55.It is next argued by reference to paragraph 17 of the said order of the Co-ordinate Bench, dated 4th May 2015, that the reliance was placed before on overruled judgements like the case of Pasupuleti Venkateswarulu Vs. Motor and General Traders reported in (1975) 1 SCC Pg 770, was overruled in Shri Kishan Vs Manoj Kumar reported in (1998) 2 SCC 710. It appears to this Court that the Co-ordinate Bench merely recorded the submissions of the petitioner and had not approved the argument. On the contrary, the Coordinate Bench had relied upon the decision of Beg Raj Singh Vs UP reported in (2003) 1 SCC 726, that subsequent events must be given due consideration by Courts.
56.It is also argued that reliance placed on the Rita Nag decision reported in (2009) 9 SCC 129 by the Coordinate bench was equally erroneous, as the same was overruled in the case of Vinubhai Haribhai Malaviya Vs State of Gujarat reported in (2019) 7 SCC Pg 1. Once again it appears that, the Co-ordinate Bench was only recording the argument of the counsel for the petitioner, and the said Rita Nag decision was not applied. In fact, the Court did not make any final pronunciation on any of the issues raised in the writ petition.
57.It is argued that the petitioner had an opportunity to file a protest petition to invoke the powers of the Magistrate under 156(3) and 173(8) of the Cr.PC, inter alia, by applying under Section 200 thereof against the Charge sheet and 2 supplementary charge sheets filed, but chose not to do so. She cannot be permitted to now seek further investigation, more so after the trial has been concluded.
58.It is next argued by Mr. Chakraborty, that the petitioner herself, in statements under Section 161 and 164 of the Cr.PC, did not seek to implicate any new persons. Even in the evidence adduced during the trial, the petitioner had not stated anything against the persons she alleges are the real conspirators, and/or persons responsible for her husband’s death. The change of investigation based on a letter and documents mentioned in Exhibit 10 of the Trial (Non production whereof was the reason why retrial has been ordered) cannot be prayed for by the petitioner, according to Mr. Chakraborty.
59.This Court has carefully considered the arguments of Mr. Chakraborty. The trial is now to recommence, in terms of the decision of the Division Bench. The petitioner’s apprehensions have been vindicated by both the trial judge and the Division Bench. The omissions of the petitioner to avail remedies under Cr.PC against the charge sheets have become inconsequential.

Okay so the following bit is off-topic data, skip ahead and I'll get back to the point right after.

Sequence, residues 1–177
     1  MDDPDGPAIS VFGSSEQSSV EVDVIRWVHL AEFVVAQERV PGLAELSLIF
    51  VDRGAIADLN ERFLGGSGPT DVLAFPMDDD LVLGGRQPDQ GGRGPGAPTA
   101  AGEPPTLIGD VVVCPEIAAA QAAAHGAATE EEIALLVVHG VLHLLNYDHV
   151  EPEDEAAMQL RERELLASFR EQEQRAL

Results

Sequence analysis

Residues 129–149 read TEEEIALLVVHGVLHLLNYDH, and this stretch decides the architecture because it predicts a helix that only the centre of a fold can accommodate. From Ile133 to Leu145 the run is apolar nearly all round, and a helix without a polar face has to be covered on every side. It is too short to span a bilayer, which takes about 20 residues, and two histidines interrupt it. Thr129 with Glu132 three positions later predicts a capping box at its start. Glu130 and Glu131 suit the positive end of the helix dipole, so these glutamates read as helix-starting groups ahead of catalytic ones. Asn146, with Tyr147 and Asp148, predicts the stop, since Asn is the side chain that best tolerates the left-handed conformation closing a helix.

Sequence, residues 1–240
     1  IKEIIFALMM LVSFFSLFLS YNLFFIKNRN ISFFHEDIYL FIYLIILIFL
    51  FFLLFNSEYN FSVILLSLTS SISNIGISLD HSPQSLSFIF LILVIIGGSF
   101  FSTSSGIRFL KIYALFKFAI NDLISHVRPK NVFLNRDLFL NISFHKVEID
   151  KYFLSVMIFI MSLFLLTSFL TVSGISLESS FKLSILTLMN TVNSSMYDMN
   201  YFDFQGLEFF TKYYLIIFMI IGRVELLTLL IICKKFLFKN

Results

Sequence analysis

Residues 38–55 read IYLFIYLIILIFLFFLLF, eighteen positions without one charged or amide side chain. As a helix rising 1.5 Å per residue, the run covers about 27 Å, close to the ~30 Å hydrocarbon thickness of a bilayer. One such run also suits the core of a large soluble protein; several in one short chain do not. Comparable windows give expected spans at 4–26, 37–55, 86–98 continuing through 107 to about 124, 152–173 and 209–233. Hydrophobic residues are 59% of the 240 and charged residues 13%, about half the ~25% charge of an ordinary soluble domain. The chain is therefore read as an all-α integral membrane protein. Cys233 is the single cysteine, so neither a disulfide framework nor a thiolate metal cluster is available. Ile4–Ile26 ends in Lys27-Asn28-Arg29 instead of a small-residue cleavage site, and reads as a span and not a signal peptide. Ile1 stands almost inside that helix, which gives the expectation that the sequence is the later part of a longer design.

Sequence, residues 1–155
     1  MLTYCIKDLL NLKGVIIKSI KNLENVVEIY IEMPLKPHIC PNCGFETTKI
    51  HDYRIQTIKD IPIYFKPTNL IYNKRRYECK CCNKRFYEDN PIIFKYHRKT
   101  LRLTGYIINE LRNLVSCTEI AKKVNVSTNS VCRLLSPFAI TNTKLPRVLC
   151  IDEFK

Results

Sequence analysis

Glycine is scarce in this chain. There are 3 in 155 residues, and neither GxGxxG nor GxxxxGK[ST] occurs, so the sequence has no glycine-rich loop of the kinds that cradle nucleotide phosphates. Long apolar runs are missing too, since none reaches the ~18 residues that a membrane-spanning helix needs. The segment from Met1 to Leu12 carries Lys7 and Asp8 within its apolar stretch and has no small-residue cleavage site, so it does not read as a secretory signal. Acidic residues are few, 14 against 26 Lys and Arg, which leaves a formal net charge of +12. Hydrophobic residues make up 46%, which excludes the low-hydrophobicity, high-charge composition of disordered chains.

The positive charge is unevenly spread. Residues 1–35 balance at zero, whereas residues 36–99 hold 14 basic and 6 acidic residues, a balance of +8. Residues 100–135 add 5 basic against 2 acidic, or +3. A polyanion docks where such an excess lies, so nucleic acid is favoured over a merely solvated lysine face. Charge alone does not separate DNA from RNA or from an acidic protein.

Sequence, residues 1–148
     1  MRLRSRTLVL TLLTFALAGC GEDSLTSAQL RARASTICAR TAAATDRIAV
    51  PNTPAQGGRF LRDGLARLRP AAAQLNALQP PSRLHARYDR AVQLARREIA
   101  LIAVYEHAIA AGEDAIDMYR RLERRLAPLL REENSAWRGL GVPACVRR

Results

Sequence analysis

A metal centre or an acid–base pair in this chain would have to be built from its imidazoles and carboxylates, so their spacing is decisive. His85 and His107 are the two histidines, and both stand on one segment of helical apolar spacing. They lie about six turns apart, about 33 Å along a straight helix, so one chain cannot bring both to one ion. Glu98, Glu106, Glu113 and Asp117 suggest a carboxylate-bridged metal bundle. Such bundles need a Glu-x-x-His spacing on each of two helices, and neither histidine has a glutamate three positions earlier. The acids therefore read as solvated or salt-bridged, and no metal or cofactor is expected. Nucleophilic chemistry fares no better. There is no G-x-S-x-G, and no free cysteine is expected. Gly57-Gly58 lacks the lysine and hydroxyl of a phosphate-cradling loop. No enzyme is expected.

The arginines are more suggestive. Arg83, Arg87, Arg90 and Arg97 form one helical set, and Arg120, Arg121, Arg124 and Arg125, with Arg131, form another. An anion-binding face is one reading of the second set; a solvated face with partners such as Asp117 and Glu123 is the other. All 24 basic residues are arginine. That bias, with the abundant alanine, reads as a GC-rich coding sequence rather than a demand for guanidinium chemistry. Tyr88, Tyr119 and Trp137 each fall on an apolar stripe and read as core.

60.In any event, the writ petition was filed seeking transfer of the investigation to the CBI, which the Magistrate is not empowered to order. The petitioner’s argument that she had no faith in any investigation by the State Police, and invoking the power of the Magistrate in this regard, was an exercise in futility, and she had hence filed the writ petition, appears to be plausible.
61.This Court notes that the petitioner had already filed the writ petition seeking transfer of the investigation to the CBI. The trial could not be stopped since the Co-ordinate Bench had not so ordered. The petitioner’s stand as regards faulty investigation is vindicated by the findings of the Sessions Judge, and the Division Bench of this Court. The evidence of the petitioner was led by the prosecution and she was not asked to indicate as to whether any other person was involved in the murder of her husband. The responsibility to assist the trial judge, in the process of unearthing the truth, rests in the prosecution and the State, in the current scheme of the Cr.PC. The petitioner cannot be faulted for not exercising powers that were not available to her in the first place.
62.Mr Soumya Chakraborty thereafter retired from the matter for want of instructions, and Mr. Ankit Surekha continued arguments for the accused Sasti Gayen.
63.Mr. Surekha once again placed the entire facts and contended that the writ petition has become infructuous. The question of maintainability of the writ petition is deemed to remain open as the Supreme Court in its order dated 9th August 2017 in Criminal Appeal No.1361 of 2017 permitted the petitioner to be heard in the writ petition.
64.By reference to the decisions of T.K. Lathika Vs Seth Karsandas Jamnadas reported in (1999) 6 SCC Pg 632 and R.K. Roja Vs. U.S. Rayudu reported in (2016)14 SCC 275, it is argued that the point of maintainability of the writ petition ought to be decided first.
65. It is next argued that the petitioner had not protested against the Charge Sheet, inter alia, under the provisions of Section 173 of the Cr.PC, and had accepted the same and hence cannot seek change the investigation agency at this stage. Reference is made to the decision of this Court in the case of DG of Police Vs. Gopal Kr Agarwal (Supra) specifically, Paragraphs 51, 52, 56 and 57.
66.There is no investigation pending as on date, and hence the question of transfer of investigation to CBI, at this stage, therefore cannot arise.
67.It is further argued that the prayers in CRA 688 of 2016 (Priyanka Dutta Vs State of WB) was for setting aside the acquittal order of the Sessions Court, and for fresh investigation by an independent and impartial agency. The said appeal having been allowed without acceding to the prayer for change of Investigation agency, the issue is barred by the principles of constructive res judicata. Reference in this regard is made to the decision of Ravinder Singh Vs Sukhbir Singh reported in (2013) 9 SCC 245 Paragraph 29.